Congressman Jerrold Nadler (NY-10), a veteran member of the House Judiciary Committee and one of the architects of the Religious Freedom Restoration Act (RFRA) of 1993, released the following statement on the oral arguments before the Supreme Court regarding Hobby Lobby and RFRA:
“Bosses should not be able to make health care decisions about the reproductive choices of their employees. The Religious Freedom Restoration Act was intended to be used as a shield, not a sword. No matter how sincerely held a religious belief might be, for-profit employers – like Hobby Lobby and Conestoga Wood – cannot wield their beliefs as a means of denying employees access to critical preventive health care services. 99% of all American women who are sexually active in their lifetimes use birth control. Their interests cannot be ignored and should not be cast aside.
“When we passed RFRA, we sought to restore – not expand – protection for religion. We kept in place the core principle that religion does not excuse for-profit businesses from complying with our laws. Religious belief did not excuse restaurants or hotels from following our civil rights laws in the 1960s or an Amish employer from paying into the Social Security system in the 1980s. It should not be expanded now to allow for-profit companies to override the health care choices of female employees.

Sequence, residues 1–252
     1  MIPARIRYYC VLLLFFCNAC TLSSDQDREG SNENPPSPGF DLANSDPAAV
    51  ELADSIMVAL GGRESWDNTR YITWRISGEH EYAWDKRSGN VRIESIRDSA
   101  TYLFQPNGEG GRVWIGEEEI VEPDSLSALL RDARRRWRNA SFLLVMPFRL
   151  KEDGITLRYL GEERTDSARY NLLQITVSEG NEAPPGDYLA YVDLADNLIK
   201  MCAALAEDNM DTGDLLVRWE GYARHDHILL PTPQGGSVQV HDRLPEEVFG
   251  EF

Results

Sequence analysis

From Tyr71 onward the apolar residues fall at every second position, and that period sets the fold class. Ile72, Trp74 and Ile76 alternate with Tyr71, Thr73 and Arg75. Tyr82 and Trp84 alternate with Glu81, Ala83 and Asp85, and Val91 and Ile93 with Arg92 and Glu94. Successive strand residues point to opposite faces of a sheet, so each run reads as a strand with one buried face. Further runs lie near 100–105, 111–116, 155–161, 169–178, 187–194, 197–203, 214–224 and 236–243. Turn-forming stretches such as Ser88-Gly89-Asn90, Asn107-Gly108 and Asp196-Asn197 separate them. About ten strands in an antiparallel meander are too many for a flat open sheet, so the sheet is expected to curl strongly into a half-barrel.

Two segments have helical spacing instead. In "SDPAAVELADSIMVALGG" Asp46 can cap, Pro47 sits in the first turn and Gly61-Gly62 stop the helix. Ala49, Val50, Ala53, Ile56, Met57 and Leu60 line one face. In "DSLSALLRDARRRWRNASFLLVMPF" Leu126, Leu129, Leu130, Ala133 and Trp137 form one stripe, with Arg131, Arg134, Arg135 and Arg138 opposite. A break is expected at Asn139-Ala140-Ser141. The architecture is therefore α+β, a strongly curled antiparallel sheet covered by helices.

“To hold otherwise allows the owners of for-profit companies to impose their beliefs on others – their employees and patrons – who may not share their beliefs and who will be harmed as result. I am hopeful that the Court will confirm that these sort of discriminatory actions by for-profit companies are neither protected by RFRA nor the First Amendment.”